already done in relation to these matters.
The Committee for Ballarat suggested in its submission that more could
be done to proactively encourage students to return to regional areas following
Examples of programs that may meet these conditions include:
...graduates who [return] to a regional location within a small
number of years of graduation would be exempt from further HECS debt
A graduate who returns to a regional location and establishes
an independent business is offered targeted additional business development
support to achieve early financial viability.
The committee recognises the significant role that tertiary education
institutions play in regional areas. This role goes beyond merely providing
education outcomes for the region, and extends to economic and social benefits
for the area.
Therefore, the committee is encouraged by the positive and innovative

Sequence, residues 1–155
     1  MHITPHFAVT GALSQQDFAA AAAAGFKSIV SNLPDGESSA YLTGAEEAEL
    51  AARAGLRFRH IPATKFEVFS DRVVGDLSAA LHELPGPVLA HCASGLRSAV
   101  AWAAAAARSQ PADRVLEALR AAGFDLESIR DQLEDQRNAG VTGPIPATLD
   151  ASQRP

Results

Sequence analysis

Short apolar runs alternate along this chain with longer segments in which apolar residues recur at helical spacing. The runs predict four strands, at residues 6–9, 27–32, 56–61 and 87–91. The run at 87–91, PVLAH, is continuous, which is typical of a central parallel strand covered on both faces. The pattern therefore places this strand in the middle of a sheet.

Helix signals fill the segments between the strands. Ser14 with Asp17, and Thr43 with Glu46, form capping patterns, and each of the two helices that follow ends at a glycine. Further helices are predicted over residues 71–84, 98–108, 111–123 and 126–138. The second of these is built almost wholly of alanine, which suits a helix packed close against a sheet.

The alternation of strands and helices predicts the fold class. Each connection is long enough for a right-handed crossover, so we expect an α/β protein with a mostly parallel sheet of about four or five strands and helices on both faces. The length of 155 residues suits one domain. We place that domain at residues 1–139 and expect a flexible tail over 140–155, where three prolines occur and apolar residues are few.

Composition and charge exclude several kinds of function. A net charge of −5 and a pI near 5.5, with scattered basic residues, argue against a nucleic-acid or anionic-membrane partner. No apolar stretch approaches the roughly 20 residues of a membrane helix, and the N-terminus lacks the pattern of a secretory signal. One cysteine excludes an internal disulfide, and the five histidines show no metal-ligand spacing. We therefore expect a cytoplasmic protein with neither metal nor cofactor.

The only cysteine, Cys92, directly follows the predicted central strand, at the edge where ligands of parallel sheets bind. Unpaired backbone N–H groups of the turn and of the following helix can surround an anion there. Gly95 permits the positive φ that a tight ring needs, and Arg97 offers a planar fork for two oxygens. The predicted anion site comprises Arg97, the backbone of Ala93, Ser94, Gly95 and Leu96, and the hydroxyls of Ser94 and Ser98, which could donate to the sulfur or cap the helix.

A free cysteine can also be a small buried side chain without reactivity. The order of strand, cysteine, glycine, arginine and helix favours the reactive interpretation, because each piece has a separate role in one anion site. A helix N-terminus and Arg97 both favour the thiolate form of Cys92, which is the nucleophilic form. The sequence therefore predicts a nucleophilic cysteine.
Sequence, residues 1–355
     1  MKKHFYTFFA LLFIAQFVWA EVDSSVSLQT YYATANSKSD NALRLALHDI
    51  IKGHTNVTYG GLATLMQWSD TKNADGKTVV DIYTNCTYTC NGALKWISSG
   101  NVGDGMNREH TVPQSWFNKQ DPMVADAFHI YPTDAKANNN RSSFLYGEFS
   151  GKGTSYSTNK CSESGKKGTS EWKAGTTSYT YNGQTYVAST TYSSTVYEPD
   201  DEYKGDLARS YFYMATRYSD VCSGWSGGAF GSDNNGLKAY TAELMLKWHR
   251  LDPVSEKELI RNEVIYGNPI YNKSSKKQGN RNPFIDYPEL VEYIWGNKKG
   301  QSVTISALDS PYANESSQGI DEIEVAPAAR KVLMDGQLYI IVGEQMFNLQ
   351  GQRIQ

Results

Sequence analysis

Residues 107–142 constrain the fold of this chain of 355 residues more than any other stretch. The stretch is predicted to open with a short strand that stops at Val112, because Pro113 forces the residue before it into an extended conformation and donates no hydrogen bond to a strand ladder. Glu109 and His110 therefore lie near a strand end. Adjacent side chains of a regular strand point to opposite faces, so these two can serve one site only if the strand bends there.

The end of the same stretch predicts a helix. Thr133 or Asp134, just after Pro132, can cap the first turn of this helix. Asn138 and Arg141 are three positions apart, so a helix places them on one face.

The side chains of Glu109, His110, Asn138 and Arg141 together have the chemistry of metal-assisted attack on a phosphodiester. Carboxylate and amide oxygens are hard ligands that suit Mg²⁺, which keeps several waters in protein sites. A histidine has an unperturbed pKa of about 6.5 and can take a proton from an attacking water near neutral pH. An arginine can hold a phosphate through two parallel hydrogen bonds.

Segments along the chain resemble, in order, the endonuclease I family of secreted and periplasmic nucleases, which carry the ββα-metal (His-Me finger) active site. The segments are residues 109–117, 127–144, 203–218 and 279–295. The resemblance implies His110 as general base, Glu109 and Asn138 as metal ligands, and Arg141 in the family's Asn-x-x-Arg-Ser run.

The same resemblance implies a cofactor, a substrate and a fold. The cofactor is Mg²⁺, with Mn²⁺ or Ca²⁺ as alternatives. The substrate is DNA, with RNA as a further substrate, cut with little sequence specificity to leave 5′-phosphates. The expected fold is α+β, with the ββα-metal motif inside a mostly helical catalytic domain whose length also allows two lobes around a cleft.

proposals being examined and implemented in relation to expanding course
offerings at regional institutions and attracting students to regional areas.
As the committee noted before, expanding course delivery is not going to
provide a solution for every student. However, it may provide the solution for
The committee also believes that expanding the range of courses is not
the only means by which regional institutions can attract students. The
committee's view is that there is value in implementing measures which provide
incentives for students to choose to study at regional institutions.
4.76 The committee recommends that the Australian Government investigate
options for attracting students to regional institutions, and encouraging
graduates to work in rural and regional locations, through programs which
provide for reduced HELP-HECS liability.